Virtual PBX Featured Article

Authentication, Trust and Information: A Quick Glance at CSPs' Role

March 23, 2023

By Special Guest
Eric Laboure, Head of Business Operations, Managed Security Services, Nokia -

Over the last several decades, the sharing of information has drastically evolved, impacting the criticality of security in the communication landscape.

Not only has the type of information being exchanged evolved, but so have the platforms where information is exchanged, such as online banking, as more individuals move toward digital communication methods. That’s resulted in  growing security concerns over transferred information.

Communication services providers (CSPs), through the deployment and improvement of fixed and mobile telephony networks, play an integral role in ensuring there is not only the availability of information, but also integrity and confidentiality – bringing security concerns to the front of their priorities.

Authenticating sources largely rely on mobile network authentication capabilities and telecom equipment vendors work jointly with CSPs to ensure the security of customer data.

To access an online newspaper, for instance, there are already several IT mechanisms, such as SSL/HTTPS protocols, in place to certify that the website is providing the expected information. Additionally, security certificates are now widely used by websites to prove their identity to end-user devices.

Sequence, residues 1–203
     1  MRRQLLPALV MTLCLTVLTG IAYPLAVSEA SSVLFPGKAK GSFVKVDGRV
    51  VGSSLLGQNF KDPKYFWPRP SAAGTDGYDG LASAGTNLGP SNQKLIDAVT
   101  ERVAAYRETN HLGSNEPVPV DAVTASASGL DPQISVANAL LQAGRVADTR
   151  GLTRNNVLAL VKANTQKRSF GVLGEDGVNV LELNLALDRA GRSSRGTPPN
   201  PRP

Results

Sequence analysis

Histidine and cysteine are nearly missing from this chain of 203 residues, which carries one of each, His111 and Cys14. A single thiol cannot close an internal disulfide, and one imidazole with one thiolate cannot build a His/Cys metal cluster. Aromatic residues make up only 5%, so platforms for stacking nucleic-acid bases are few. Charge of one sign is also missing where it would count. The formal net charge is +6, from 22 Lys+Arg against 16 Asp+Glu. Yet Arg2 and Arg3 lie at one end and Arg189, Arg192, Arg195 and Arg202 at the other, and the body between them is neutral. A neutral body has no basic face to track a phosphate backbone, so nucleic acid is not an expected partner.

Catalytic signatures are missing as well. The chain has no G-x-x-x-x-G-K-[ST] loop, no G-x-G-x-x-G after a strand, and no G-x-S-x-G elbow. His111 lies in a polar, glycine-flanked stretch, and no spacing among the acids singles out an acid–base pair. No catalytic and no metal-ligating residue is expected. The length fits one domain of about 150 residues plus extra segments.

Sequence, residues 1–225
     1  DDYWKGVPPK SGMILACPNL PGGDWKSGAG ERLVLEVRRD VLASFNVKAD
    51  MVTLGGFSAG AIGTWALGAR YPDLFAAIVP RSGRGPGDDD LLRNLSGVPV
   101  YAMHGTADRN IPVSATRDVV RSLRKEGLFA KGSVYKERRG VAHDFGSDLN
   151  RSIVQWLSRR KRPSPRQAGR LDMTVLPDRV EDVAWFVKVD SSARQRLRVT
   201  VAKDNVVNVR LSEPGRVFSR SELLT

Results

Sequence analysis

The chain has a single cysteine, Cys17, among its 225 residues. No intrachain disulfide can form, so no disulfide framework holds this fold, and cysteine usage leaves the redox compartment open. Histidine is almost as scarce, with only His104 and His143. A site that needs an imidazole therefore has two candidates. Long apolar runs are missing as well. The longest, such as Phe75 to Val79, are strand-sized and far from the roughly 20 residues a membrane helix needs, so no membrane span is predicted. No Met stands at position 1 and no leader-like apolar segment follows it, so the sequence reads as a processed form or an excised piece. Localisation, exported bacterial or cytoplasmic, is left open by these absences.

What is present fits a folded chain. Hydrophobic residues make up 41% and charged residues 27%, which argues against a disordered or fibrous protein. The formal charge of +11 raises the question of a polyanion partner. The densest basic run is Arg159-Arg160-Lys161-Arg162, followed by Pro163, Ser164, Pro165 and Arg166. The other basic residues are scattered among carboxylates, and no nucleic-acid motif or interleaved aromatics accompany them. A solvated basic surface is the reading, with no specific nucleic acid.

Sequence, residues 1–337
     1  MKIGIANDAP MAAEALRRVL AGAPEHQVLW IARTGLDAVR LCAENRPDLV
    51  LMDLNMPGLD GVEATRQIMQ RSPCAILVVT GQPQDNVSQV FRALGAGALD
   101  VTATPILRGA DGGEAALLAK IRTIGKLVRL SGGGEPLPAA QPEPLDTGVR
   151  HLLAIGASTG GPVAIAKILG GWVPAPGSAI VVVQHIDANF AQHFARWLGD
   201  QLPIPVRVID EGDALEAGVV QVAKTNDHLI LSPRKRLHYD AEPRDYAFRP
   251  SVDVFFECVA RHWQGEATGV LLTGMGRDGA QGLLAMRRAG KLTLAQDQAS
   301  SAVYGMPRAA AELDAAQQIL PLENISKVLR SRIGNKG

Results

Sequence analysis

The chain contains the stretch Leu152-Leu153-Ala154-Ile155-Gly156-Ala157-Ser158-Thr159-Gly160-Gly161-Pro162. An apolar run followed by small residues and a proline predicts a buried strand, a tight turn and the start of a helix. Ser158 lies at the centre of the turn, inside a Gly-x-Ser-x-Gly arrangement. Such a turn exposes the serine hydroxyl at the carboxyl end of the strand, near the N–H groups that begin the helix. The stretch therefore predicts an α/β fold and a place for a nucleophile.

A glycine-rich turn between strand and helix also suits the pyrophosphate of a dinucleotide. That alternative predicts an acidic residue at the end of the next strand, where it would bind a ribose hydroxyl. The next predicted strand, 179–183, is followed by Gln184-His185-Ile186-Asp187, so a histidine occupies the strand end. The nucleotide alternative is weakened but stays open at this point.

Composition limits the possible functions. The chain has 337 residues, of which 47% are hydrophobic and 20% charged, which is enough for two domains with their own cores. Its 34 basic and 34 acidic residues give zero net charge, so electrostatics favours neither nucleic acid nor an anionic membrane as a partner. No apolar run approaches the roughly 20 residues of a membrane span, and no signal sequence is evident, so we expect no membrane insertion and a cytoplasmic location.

A long journey… with a burdened history

Users rely on mobile networks to access and log in to their favorite applications. This involves the security mechanism of mobile network elements.

With technologies gaining rapid progression over the last decade, each network element (in mobile networks) must authenticate itself so that its adjacent network elements can trust each other. This minimizes threats such as man-in-the-middle attacks (MITM) or spoofing.

When it came to network security, the evolution of the usage of networks highlighted limitations in previous generations of standards. Due to security design weaknesses in early versions of 3GPP mobile standards, 2G (GSM) networks and their SS7 protocol were not secured enough. This led to spoofing attacks on network elements and MITM attacks with the ability to intercept an SMS and even ‘redirect’ them to the attacker’s device.

When an SMS is intercepted, it can weaken the “two-factor authentication” by potentially letting hackers access information websites or applications. It puts the authenticity of content (information websites or applications) at risk by an attacker – which is still a universal challenge for many today.